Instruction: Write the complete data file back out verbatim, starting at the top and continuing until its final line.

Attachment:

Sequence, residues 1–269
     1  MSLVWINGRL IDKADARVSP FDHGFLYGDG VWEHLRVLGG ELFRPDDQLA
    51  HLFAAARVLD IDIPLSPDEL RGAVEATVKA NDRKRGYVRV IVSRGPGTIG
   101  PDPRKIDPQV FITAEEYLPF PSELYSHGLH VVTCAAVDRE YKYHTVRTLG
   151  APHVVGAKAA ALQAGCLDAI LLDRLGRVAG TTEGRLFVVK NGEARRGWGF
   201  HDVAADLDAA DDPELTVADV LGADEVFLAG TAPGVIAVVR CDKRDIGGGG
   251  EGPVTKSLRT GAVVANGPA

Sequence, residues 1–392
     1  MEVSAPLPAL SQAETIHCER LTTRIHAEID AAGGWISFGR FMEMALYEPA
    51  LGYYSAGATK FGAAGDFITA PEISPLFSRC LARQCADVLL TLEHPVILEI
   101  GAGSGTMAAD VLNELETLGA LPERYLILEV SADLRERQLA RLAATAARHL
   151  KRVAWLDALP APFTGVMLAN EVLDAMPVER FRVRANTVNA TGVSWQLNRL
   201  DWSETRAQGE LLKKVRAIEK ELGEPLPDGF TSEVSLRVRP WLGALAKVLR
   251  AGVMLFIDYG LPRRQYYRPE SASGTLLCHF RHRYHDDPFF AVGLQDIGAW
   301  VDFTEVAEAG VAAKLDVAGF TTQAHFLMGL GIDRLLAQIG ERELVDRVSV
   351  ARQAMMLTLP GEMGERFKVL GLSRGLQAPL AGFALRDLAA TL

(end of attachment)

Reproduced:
Sequence, residues 1–269
     1  MSLVWINGRL IDKADARVSP FDHGFLYGDG VWEHLRVLGG ELFRPDDQLA
    51  HLFAAARVLD IDIPLSPDEL RGAVEATVKA NDRKRGYVRV IVSRGPGTIG
   101  PDPRKIDPQV FITAEEYLPF PSELYSHGLH VVTCAAVDRE YKYHTVRTLG
   151  APHVVGAKAA ALQAGCLDAI LLDRLGRVAG TTEGRLFVVK NGEARRGWGF
   201  HDVAADLDAA DDPELTVADV LGADEVFLAG TAPGVIAVVR CDKRDIGGGG
   251  EGPVTKSLRT GAVVANGPA

Sequence, residues 1–392
     1  MEVSAPLPAL SQAETIHCER LTTRIHAEID AAGGWISFGR FMEMALYEPA
    51  LGYYSAGATK FGAAGDFITA PEISPLFSRC LARQCADVLL TLEHPVILEI
   101  GAGSGTMAAD VLNELETLGA LPERYLILEV SADLRERQLA RLAATAARHL
   151  KRVAWLDALP APFTGVMLAN EVLDAMPVER FRVRANTVNA TGVSWQLNRL
   201  DWSETRAQGE LLKKVRAIEK ELGEPLPDGF TSEVSLRVRP WLGALAKVLR
   251  AGVMLFIDYG LPRRQYYRPE SASGTLLCHF RHRYHDDPFF AVGLQDIGAW
   301  VDFTEVAEAG VAAKLDVAGF TTQAHFLMGL GIDRLLAQIG ERELVDRVSV
   351  ARQAMMLTLP GEMGERFKVL GLSRGLQAPL AGFALRDLAA TL